The basics (by a native).
The only way to learn any language is to learn it by using it with the people in real life situations.
I am Portuguese…… What do you want to learn? Conversational Portuguese? Traditional Portuguese? Useful Portuguese?
Good afternoon: Boa Tarde
Good night: Boa noite
Please: Por favor
Good by: Adeus, but if you want to be friendly we say Adeusinho
Thank you. Obrigado if you’re male. Obrigada if your female
Thank you very much –Muito obrigado/a BUT we actually say Muitobrigado/a.
Food is likely to be a big part of your holiday so here are some food related terms to use
If you look up coffee in an English/Portuguese translator it will most likely return “Café”. And that is correct if you are referring to normal black coffee but not to what the Portuguese mean when they say “Café”.
When a Portuguese refers to Café she is speaking of what we call espresso coffee. Black coffee, very strong, served in a small cup. It is actually very good and it is usually had with copious amounts of sugar, and traditionally the Portuguese usually accompany it with a bit of Aguardente or sometimes called Bagaco (brandy). More on that later.
So you could simply ask for Café right? No, not really. See if you say Café the waiter or waitress realising that you are not Portuguese will then try to ascertain just what kind of coffee you mean. You could do much better. Here’s how.
Espresso in Portugal is called “Bica” so if you want espresso simply say “uma bica”, (one espresso). Now here’s your opportunity to really improve your communications and get that smile.
When you order a bica, you may be surprised to get a little cup only half full of espresso. You may thing you have been had. Not so. That is how bica is traditionally served. However many Portuguese also rebel against the 1/2 cup so there is a way to ask for a better poring. Bica – chavena cheia. That means espresso – fill the cup.
If on the other hand you simply want a run of the mill cup of coffee, then just say: Café normAl. The A sounds like when a detective in a novel says; “Haha, now I have you”. That haha sound is how you say the A in normAL.
What if you want a cappuccino: That is called Galao.
What about just plain coffee with milk: Café com Leite.
Normal coffee: Café NormAl.
Espresso full cup: Bica – chaven cheia.
Now that we know how to say coffee in Portuguese let’s try something to use during the meal.
Now a dictionary would tell you that beer is cerveja. Well true, kind of. If you order a cerveja they will ask you what brand and bring you a glass and a bottle. However if you are like me, when you say beer, you mean a draught beer. Beer on tap is Imperial. Not imperial but ImperiAl. Again with the “haha”.
Now, if a glass will do you then all is fine, but if what you meant was a beer mug with a decent amount of beer then what you want is an ImperiAL CanEca accent on the e as if you were an old man laughing quietly – “hehehe”..
What if you are really thirsty? Then order an Imperial GarrAfa. It’s a large mug full of cold beer, on tap.
Now for the beer itself. ImperiAl comes generally in two brands. Sagres and Superboc.
Look out for Sagres as it will give you a headache in the morning if you have too many. Superboc on the other hand has less alcohol, is very refreshing and won’t make you feel stupid.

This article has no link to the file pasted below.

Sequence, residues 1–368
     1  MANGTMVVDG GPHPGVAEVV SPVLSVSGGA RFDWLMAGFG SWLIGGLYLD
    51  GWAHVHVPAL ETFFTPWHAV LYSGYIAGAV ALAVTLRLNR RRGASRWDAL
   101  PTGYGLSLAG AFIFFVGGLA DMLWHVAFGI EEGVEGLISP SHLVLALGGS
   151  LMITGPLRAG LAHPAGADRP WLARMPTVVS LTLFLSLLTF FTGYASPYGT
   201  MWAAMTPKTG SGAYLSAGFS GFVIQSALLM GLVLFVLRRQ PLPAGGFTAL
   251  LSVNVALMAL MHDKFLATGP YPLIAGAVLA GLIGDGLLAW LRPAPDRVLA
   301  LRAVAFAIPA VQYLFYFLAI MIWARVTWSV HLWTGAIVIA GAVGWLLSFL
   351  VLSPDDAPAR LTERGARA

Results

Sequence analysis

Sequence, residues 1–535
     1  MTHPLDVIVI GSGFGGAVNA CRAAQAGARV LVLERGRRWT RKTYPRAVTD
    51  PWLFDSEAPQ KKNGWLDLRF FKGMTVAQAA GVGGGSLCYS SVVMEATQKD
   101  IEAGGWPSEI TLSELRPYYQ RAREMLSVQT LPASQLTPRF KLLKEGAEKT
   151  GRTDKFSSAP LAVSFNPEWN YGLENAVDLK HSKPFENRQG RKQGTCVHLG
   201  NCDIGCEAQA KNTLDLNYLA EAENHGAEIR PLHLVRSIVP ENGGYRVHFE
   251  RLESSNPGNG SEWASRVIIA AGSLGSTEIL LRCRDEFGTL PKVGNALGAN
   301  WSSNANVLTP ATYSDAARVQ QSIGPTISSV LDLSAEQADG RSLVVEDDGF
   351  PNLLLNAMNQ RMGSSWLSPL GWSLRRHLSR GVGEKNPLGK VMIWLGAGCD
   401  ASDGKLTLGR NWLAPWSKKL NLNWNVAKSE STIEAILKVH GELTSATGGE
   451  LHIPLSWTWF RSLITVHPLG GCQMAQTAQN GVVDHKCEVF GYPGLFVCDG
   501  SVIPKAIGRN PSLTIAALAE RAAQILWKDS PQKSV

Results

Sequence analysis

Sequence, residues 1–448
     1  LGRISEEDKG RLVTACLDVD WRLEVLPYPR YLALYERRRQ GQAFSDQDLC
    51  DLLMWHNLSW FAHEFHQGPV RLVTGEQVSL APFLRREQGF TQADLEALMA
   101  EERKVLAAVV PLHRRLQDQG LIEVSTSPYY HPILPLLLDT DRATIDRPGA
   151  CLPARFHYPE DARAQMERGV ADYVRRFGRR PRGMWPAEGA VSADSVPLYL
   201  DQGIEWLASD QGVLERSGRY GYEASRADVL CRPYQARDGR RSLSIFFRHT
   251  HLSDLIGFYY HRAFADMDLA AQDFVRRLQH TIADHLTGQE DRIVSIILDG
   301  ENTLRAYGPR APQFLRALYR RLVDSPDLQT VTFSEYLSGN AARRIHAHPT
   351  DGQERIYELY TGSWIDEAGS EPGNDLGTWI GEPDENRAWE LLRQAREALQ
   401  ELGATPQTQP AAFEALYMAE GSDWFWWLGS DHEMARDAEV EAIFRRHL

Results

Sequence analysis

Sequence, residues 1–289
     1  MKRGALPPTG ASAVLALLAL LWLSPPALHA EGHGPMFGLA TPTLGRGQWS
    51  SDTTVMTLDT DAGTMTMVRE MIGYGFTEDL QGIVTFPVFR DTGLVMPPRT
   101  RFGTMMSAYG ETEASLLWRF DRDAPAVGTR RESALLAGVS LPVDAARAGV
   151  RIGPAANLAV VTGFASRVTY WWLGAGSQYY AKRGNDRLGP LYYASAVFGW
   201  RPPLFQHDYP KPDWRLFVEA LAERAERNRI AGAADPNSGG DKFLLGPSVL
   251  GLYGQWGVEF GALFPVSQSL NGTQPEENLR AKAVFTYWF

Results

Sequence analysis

The bread is wonderful in Portugal. There are many bakeries all around so always get fresh bread NEVER keep it to the next day as it is made without preservatives and won’t last.
There are many kinds of bread, Pao da mesa (proper is Pao de mesa but Portuguese never say de, we say da) (table bread), Pao mistura (table bread with two different kinds of flour, and my favorite), and Cacasas, or Papos Secos (Portuguese rolls).
There are many wonderful cheeses, all easily available.
Queijo Fresco: Fresh cheese. Very light and moist, wonderful with a bit of salt and white pepper and a piece of mistura bread, and a glass of wine (more on that) or a beer.
Queijo da Serra: Mountain cheese. Full flavored but not sharp. Wonderful by itself or in Omelettes.
Queijo da Ilha: Island cheese. Sharp and full flavored. Calls for a glass of beer or some Vinho Verde.
Queijo de Cabra: Goats cheese. Also very sharp but creamy and usually made in small cheeses. Needs wine.
Qeijo de Ovelha: Lambs cheese. Lighter and more delicate then goats cheese.
There are many more but those should get you started.
Wine comes in many types, but the most common are red, white and verde (green).
Verde wine is actually not green at all. Instead it is a wonderful light and slightly bubbly wine that is refreshing anytime and will not hurt you because it is low in alcohol. If you are thirsty, and you don’t want soda or juice, then try a glass of this wonderful wine.
It is said simply Vinho Verde.
Red. A translator would tell you that red in Portuguese is encarnado or vermelho but if you say that about red wine you will create insolvable confusion. Instead it’s Vinho Tinto. Tinto means red when it comes to wine.
There are many wonderful reds but if you ask me, just drink the house wine. You won’t be sorry.
White wine –Vinho Branco. Not the Portuguese favourite of wines but there are many nice ones around.
So now you can say hello, ask for some cheese, bread and a glass of wine or beer, then ask for some coffee and say thank you and good bye as you leave.
Easy and fun.
Oh! Aguardente …… We usually call it Bagaco…. But if you say Bagaco make sure it is from grapes (Uvas) not Medronho because that will hurt you! In the old days, the English used to add Aguardente to the local wine to help them survive the long voyage from Portugal to England.
The best Agua Ardent for me is CR&F or Casal Ribeiro e Ferreira. We say c r & f as c err e f, fast, – all one word as CERREF…. Kind of the way we say GN&R – Guarda Nacional Republicana -what usually happens when you had too many CR&F and do something stupid like driving!!